East Antarctic Ice Sheet melted under a past global warming climate –A warning sign of significant sea level rise in near future global warming–
The Last Interglacial period (130,000–115,000 years ago) is characterized by warmer global mean temperatures and higher and more variable sea levels than the Holocene (11,700–0 years ago). Therefore, a better understanding of Antarctic ice-sheet dynamics during this interval would provide valuable insights for projecting sea-level change in future warming scenarios. Dr. Osamu Seki and his graduate student at Hokkaido University, together with a collaborative research team from University of Toyama (Prof. Keiji Horikawa) and six other institutes/universities, have analyzed a marine sediment core (named GC1407) collected off the Wilks Subglacial Basin in East Antarctica to investigate the stability of the East Antarctic ice-sheet during 130,000–115,000 years ago (Left figure). By measuring neodymium isotopes and Be isotopes in the marine sediments, we found that the significant melting of the East Antarctic Ice Sheet occurred twice during the Last Interglacial period (Right figure d and e). The ice sheet melting was estimated to have been large enough to raise sea level by about 0.8 m. Thus, our findings indicate that if global warming continues, not only the West Antarctic Ice Sheet but also a part of the East Antarctic Ice Sheet may melt, causing a larger sea level rise than currently thought.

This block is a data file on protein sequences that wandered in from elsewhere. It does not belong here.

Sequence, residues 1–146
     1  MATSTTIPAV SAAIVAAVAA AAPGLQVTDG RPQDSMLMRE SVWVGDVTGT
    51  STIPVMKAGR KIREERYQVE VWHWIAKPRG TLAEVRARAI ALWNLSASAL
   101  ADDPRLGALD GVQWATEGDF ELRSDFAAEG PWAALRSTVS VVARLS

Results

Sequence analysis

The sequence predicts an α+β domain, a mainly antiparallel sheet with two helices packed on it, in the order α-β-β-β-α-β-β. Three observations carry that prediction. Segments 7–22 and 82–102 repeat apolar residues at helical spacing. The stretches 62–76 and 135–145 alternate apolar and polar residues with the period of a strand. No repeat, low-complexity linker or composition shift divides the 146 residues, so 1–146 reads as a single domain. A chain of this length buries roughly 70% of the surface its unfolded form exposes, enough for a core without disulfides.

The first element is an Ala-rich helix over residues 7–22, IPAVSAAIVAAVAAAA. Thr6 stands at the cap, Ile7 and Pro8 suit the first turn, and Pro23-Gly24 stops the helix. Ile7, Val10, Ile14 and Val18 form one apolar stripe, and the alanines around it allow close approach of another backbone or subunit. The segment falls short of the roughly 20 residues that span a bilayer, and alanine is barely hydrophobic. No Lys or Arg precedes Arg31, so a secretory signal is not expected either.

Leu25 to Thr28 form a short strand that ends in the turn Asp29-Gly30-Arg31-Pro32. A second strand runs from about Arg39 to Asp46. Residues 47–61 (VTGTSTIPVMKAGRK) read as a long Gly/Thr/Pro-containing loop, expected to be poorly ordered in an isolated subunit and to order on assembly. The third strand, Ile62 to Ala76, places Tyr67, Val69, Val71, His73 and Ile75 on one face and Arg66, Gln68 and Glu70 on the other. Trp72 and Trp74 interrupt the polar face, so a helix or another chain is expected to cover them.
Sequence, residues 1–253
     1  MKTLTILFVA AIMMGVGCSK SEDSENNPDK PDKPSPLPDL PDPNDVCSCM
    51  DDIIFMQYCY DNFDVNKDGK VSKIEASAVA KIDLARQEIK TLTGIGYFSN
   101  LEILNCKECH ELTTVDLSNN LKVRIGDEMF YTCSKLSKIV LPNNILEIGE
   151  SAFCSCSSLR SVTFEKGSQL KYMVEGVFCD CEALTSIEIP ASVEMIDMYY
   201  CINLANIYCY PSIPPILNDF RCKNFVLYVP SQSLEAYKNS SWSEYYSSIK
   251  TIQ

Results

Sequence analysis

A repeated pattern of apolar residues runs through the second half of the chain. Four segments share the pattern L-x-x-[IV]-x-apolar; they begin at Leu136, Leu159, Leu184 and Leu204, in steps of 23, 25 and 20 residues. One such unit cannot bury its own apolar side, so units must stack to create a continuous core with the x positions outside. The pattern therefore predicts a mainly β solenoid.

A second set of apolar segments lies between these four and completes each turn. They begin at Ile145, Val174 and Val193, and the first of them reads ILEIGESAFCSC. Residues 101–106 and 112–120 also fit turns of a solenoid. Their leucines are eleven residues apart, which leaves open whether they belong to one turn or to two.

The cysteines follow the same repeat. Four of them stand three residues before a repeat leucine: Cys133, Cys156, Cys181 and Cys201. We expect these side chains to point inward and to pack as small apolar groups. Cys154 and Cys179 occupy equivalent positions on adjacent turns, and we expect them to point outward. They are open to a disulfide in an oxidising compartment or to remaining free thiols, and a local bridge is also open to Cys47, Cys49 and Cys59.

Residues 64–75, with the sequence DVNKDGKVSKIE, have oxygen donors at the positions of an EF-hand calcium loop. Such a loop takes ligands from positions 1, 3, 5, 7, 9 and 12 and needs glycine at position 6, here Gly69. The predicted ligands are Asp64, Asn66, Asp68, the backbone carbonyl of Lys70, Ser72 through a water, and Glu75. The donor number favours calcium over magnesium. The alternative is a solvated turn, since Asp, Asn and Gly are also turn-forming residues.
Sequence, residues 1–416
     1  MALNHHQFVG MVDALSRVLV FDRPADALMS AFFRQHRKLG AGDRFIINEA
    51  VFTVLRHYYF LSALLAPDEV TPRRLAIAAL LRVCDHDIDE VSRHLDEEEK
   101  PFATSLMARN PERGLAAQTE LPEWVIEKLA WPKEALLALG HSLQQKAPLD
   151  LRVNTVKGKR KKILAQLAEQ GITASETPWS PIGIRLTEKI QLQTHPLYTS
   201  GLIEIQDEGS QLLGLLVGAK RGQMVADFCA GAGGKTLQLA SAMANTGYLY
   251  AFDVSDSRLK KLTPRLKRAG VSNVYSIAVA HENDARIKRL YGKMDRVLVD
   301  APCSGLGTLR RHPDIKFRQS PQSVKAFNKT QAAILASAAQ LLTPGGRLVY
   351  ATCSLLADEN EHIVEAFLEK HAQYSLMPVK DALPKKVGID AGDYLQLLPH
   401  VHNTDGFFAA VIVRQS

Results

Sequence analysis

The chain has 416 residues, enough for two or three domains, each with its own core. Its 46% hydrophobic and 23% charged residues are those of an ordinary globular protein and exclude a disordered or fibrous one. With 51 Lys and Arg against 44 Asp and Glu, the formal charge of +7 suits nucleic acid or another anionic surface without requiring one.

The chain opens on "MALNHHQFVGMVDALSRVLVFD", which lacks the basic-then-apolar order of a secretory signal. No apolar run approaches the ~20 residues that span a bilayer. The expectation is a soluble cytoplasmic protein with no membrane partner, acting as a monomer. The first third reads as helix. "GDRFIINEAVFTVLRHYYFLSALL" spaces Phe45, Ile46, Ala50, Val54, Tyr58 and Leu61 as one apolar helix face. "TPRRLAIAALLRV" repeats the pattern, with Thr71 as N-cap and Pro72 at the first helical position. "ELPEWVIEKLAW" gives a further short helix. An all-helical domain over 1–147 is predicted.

Original article information
Nature Communications 14, 2129 (2023)
Multiple episodes of ice loss from the Wilkes Subglacial Basin during the Last Interglacial.
Mutsumi Iizuka, Osamu Seki, David, J. Wilson, Yusuke Suganuma, Keiji Horikawa, Tina van de Flierdt, Minoru Ikehara, Takuya Itaki, Tomohisa Irino, Masanobu Yamamoto, Motohiro Hirabayashi, Hiroyuki Matsuzaki, and Saiko Sugisaki